Fryer says, when it comes to protecting information, the Protection of Personal Information (POPI) Bill will be taking centre stage, and means risk managers should really have the buy-in, as they would best understand compliance issues. The aim of POPI is to regulate the privacy of client data.

One of the core principles of POPI requires that all personal information be kept secure, and Fryer says a challenge is getting to the point where people and organisations understand the full implications of the Act. Senior managers are becoming more tech-wise and are understanding the responsibility towards the board, as well as risk and compliance, including King and POPI.

Fryer says: “When it comes to protecting information, we need to bear in mind that strategic databases don't only contain strategic information. For example, the banking sector houses all our information. What would happen if a bank lost the strategic database of all its customers? It would definitely impact the economic flow of SA.”

Q: Are you able to stand up right now and say what your company's vision, priorities, challenges and expansion plans are?

Easily! I'm part of the business – 20%
Sure. We get communication from management – 52%
Heck no. I'm too busy with my work – 24%
Who cares?! – 4%.

Macfie says understanding this vision is the most important information any employee needs. “Make yourself relevant. You don't have to have all the answers, ask questions. Understand what a breach would mean to your organisation, and similar. Management should give staff the opportunity to ask questions.”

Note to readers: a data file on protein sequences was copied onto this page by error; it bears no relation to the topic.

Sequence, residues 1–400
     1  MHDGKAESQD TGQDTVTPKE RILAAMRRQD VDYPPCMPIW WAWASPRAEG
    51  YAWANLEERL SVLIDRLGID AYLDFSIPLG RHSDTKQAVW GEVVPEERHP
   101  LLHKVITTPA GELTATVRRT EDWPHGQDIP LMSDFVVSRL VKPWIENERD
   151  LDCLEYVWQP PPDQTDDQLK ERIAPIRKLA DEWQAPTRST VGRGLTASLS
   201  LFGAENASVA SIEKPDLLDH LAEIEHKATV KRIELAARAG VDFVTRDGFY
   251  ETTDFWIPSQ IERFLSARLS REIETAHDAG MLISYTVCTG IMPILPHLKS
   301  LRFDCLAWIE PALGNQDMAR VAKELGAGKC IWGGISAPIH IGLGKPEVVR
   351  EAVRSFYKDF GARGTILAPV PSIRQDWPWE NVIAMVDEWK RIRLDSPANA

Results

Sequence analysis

Q: Is security driven because of audit/risk?

Always – 44%
This is a minimum requirement – 51%
Never – 5%.

All presenters agreed that this was a great outcome from the audience, and illustrated that risk is a major driver for security.

International organisations don't want to engage with companies that can't demonstrate how they manage risk within their organisations, including their third-party partners.

Macfie says the ability to be ahead of the pack is all about innovation and change, but you cannot have either without risk. “For example, we developed a check-in app. Is there security needed around that? Of course. And security should be in those discussions, but security is not always top of mind.”

Golan agrees, and says, too often, security comes months after business innovation. “Let's try to close that gap; make it a question of days instead of months.”

“Desensitise the word 'risk',” says Macfie. “Companies should hold audits to see how compliant they are, and to identify the gaps. However, the appetite to spend money on the 'gaps' is a challenge.”

Q: Is architecture paralysing delivery?

Always – they drag their feet – 36%
Sometimes – and it makes sense – 36%
Never – they are really part of the process – 25%.

All agreed that architecture plays a huge role. “Architecture is a very tricky job. It's not the quickest who will survive, but those who respond to change. Flexible architecture is what it's about.”



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Established in 2009, Performanta specializes only in the discipline of Information Security. The company provides technology, services and consulting solutions allowing them to give customers an end to end information security service. Their focus on pragmatic solutions is reflected in their motto: Practical Trust Performanta.